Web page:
Staff also seemed ready to reinvent a wheel that’s now rolling in other cities. They have established rack placement standards already. Why not simply pull their guidelines off the web, or ask their staff for guidance? There also exists rack-on-request programs right in our own region that we can copy. But rather than follow prevailing practices, we’re rolling our own. Go figure. (Read our recap for the full story.)
More than a program in development, it’s our outmoded principles behind our policies that show a need for a new way of thinking about transportation in Beverly Hills. Namely, that bike racks and facilities are measures that address a transportation problem that we have today – congestion. Why not encourage a shift to non-motor travel and view bike racks and such in that light?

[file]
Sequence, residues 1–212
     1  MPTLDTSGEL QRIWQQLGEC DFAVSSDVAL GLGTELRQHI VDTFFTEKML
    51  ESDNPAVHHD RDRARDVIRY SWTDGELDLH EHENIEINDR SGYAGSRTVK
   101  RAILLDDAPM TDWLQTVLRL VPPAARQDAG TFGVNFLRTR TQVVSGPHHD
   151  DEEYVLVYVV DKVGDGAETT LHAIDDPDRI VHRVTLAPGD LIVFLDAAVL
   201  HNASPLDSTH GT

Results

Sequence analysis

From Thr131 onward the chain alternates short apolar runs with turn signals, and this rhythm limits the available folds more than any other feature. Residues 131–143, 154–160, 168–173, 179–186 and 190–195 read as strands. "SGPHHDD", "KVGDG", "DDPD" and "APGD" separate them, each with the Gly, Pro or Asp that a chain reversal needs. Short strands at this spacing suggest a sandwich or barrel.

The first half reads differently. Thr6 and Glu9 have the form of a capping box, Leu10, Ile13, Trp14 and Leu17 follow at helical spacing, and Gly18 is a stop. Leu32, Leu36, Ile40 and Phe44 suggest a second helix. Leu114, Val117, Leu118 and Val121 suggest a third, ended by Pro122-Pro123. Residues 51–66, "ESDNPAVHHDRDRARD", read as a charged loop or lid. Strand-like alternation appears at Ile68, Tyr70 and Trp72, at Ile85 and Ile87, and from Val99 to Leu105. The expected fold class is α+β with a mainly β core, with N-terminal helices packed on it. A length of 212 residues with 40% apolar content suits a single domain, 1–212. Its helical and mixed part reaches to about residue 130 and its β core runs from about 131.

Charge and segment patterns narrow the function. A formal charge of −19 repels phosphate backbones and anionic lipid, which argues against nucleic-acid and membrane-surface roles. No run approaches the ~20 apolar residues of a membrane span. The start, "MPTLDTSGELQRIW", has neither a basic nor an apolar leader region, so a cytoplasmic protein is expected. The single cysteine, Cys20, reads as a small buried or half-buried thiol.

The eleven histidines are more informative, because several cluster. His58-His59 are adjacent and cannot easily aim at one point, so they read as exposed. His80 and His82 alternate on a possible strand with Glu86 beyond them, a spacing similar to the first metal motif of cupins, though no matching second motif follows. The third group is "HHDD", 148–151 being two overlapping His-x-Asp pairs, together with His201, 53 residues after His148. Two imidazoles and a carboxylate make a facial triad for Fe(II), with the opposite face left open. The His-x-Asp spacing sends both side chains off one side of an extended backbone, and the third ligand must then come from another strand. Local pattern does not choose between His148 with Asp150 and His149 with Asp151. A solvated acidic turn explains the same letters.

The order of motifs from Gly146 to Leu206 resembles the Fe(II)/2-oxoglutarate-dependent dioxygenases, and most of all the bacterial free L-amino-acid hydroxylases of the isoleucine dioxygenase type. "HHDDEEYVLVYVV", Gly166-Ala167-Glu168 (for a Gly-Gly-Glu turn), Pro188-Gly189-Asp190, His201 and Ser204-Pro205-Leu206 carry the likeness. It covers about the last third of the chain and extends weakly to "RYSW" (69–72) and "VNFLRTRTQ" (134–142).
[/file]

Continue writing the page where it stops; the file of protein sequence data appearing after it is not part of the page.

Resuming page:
For example, other cities install bike racks on city sidewalks upon request for free as a gift to local businesses. Santa Monica (right) and Los Angeles make it as easy as filling in a web form. That’s because bike racks encourage bike use which can bring new shoppers (a value-add for local businesses) who wouldn’t even bother to park here because it’s a hassle. Look around at all the storefront vacancies in Beverly Hills and ask whether the answer might not be a few $200 racks.
That’s why it’s puzzling that Transportation wants to force those businesses to share the cost of a bike rack, even though that rack is installed on public property, in the public right-of-way, and would continue to belong to the public long after that shop owner has moved on. Why would they pay for a city bike rack? Why should they? Although this aspect of the proposed rack-on-request program was criticized by cyclists, a month later it remains part of the presentation as City Council prepares to receive it shortly.